It should be frighteningly obvious by now, to everyone, that we love the sound of record crackle. Pops and clicks, buzz and fuzz. Just have a look at the last 8 or 9 years of reviews, and you'll see that we are grade-A suckers when it comes to that unmistakable sound. In fact, more than once, we posited that if we had a way, some simple system or an effects pedal even, that would render EVERY record we had, more fuzzy, turn every super clear crystal clean recording into something that sounded like it had been sitting in the garage for 50 years and was being played back on a rusty Victrola, well, you know we'd do it in a second.
And if there was one single artist, responsible for cementing that love of crackle and pop, of twisting our tastes all around, of taking a love, and turning it into an obsession, it would very likely be one-man black metal outfit Iudal. Ever since his Nocturnal Coda record, we have been smitten, no, obsessed is more like it. Desperately waiting for another missive of utterly dark murk, of bleary black misery, of swirling roiling madness rendered in disembodied melodies and all manner of distortion and grit. We would later becomes similarly obsessed with soundmakers exploring similar territory, but our fuzzy crackly blackened hearts will always belong to Iudal.
Which is all the more ironic considering A Gate Through Bloodstained Vinyl, his brand new record, is perhaps the least fuzzy, the least murky, the most crystalline and clear recording we've heard from him yet. Recorded in his practice space over the last couple years and later edited into a series of slow developing warbly black soundscapes, Gate finds Iudal moving beyond the so-called "metalgaze", allowing his deft hand at arranging, at collaging various sounds, heck COMPOSING, take the center stage. That element was always present, but was often overshadowed by the sonic weirdness and bizarre, very lo-fi production (tape hiss, drop outs, etc...), whereas here, in these SONGS, the fuzz and crackles is just one more compositional element. Fear not, there are still plenty of old fuzzy recordings, stumbling blast beats, haunting blurred riffs, but here, it seems as if Iudal has chosen the parts and pieces more for their melodic content than their texture, and the results are quite surprising.
The opener is a mysterious creep, muted buzz woven into a blackened whir, in the background, deep melodic swells drift in and out, soon to fade out completely, leaving just crackle like the sound of black rain. Over the track's 9+ minutes, sound shifts and changes, timbre and tone are altered dramatically, often unexpectedly, but it manages to work, finishing off with an utterly bleak fade out peppered with intense squelchy squalls of white noise.
From then on out, the sound is crushingly epic and majestic, the buzzing riffs, rumbling bass and pounding drums stretched out and tangled up into long form pulsing fanfares, some sort of melancholy strange murky ur-drone, underpinned by strange subtle rhythms, and a constantly churning undercurrent.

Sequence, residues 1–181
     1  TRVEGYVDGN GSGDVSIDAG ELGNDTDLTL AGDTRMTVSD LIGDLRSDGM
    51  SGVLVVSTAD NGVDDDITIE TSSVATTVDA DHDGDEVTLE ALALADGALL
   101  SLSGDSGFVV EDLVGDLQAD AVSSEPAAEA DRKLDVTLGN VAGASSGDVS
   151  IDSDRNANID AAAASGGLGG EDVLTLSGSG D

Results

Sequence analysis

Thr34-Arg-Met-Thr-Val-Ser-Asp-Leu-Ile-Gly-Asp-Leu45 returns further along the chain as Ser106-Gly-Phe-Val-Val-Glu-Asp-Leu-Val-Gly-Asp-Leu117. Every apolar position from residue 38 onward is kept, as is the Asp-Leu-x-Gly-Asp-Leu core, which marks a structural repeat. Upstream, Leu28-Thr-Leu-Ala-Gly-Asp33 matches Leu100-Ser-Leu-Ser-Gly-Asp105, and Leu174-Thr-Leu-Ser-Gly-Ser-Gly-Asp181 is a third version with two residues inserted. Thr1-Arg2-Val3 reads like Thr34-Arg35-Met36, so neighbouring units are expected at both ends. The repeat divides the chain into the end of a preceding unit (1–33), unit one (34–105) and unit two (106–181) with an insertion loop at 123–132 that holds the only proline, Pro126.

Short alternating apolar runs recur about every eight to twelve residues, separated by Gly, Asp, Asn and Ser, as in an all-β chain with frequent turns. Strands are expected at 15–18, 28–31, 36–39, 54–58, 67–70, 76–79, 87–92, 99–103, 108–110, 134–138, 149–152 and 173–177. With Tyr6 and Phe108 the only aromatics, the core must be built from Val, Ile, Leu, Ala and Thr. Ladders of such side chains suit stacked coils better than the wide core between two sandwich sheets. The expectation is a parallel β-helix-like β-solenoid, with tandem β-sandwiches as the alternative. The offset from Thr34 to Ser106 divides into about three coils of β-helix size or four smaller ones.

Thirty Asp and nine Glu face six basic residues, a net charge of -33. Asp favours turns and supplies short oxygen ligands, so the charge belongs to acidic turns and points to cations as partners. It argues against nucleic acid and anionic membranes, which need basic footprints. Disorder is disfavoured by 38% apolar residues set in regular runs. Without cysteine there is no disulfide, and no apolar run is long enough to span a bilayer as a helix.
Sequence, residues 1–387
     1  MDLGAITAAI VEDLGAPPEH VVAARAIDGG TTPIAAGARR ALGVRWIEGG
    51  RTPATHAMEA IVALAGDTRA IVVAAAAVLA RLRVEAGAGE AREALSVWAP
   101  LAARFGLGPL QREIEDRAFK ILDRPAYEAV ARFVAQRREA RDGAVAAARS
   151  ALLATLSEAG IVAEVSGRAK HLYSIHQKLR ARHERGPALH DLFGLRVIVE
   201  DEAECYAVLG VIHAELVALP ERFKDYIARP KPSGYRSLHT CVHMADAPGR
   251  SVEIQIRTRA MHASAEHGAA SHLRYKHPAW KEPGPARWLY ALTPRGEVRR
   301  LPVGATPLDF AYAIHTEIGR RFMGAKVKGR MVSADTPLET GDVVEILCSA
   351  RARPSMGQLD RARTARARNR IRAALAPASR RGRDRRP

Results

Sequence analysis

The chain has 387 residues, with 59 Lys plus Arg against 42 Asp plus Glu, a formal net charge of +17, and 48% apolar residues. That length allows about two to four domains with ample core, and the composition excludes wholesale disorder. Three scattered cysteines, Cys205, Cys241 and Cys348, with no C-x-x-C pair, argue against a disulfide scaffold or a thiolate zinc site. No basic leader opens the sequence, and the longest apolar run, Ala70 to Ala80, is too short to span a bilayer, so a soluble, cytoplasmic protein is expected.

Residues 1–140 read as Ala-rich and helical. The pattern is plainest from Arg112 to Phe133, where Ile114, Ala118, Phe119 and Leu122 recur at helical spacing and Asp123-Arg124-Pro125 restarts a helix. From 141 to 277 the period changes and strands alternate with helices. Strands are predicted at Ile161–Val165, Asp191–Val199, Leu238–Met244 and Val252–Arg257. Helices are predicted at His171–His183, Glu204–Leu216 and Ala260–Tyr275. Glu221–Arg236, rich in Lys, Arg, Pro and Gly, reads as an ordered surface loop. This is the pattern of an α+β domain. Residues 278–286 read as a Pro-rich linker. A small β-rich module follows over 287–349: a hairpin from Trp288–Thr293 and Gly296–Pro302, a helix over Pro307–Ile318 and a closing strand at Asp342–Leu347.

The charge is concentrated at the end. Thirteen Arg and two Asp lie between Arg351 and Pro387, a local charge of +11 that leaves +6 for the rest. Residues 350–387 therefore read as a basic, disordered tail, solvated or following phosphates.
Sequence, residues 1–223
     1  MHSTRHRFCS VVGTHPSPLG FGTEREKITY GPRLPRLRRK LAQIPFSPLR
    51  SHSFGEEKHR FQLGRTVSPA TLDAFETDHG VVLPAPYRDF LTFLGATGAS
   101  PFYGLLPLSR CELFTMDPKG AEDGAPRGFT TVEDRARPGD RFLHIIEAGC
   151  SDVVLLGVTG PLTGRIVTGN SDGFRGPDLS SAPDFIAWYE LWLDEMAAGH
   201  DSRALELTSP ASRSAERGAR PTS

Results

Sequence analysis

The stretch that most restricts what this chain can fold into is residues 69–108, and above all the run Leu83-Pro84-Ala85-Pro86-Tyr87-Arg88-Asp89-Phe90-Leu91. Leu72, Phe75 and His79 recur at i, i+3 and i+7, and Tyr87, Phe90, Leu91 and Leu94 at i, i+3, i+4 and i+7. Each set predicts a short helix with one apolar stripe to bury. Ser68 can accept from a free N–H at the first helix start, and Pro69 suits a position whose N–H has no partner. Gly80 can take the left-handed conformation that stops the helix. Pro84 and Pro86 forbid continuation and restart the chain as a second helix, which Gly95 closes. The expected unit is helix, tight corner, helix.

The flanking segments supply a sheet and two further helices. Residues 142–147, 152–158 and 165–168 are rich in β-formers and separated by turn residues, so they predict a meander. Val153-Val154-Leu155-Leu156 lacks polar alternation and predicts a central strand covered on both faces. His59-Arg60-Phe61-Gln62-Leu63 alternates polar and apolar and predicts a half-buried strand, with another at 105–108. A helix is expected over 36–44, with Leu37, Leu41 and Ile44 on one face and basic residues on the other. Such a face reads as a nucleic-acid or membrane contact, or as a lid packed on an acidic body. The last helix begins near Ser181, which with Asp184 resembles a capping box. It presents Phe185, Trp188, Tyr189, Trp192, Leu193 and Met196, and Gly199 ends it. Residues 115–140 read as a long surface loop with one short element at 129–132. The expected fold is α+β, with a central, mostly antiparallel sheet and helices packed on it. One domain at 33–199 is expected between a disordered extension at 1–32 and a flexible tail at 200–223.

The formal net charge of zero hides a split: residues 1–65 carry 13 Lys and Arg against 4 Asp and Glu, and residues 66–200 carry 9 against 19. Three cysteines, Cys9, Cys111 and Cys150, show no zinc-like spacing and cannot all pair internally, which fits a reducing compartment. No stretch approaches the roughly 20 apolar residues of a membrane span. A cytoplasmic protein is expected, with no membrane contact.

The end of "Residue Of Nowhere" almost sounds like Nadja at points, with short sharp bursts of heavily delayed and effected samples, but spends much more time writhing and twisting, traversing seas of thrashing chaos. "Shining Through Mirrors" is all low end rumble and whir, shimmer and sway, pulsing and throbbing, a churning blackened sea of sound, this time peppered with strange almost-rhythms crafted from layers of fuzz, giving it an almost Chain Reaction minimal techno vibe.
The disc finished off with the 11 minute "Fanfares Beyond Utter Blackness", the third and final part of Iudal's song trilogy on A Gate Through Bloodstained Vinyl, and begins with a splatter of crackly percussion, a woozy warbly loop, all slowly overtaken by a waltzing minor key dirge, slowly becoming a sort of ghostlike lullaby, that strange persistent percussion, making the track sound like, at times, like it could be from some forest folk or free drone cd-r. Iudal sets up a mournful arpeggiated melody, wraps it in flanger, occasionally spreads a little distortion and record buzz over the top, and lets it weave and say and sprawl until it explodes near the end into a flurry of bleary eared distortion, the melody blown out, the sound jagged and intense, a subtly chaotic, in-the-red climax, that doesn't fade out, instead just blinks out, leaving the strange vacuum of silence.
At first we were a little disappointed that A Gate Through Bloodstained Vinyl wasn't more fuzzy, more murky and washed out, more distorted and damaged sounding, but the more we listened, the more we realized, that all of those elements WERE still present, just in ways that might not be so obvious, A Gate Through Bloodstained Vinyl is still fuzzy and murky and dreamlike and distorted, and it's a testament to Iudal's skill that he's able to make it seem otherwise. And judging from how often this gets played in the store, we're all just as smitten as ever.
This was a mash-up of two Aquarius Records reviews, a review of Philip Jeck's most recent album 'Sand' and a review of the Hydra Head reissue of Xasthur's album 'A Gate Through Bloodstained Mirrors'.
Iudal is a demon from The Testament of Salomon: "76. The fifth said: "I am called Iudal, and I bring about a block in the ears and deafness of hearing. If I hear, 'Uruel Iudal,' I at once retreat.""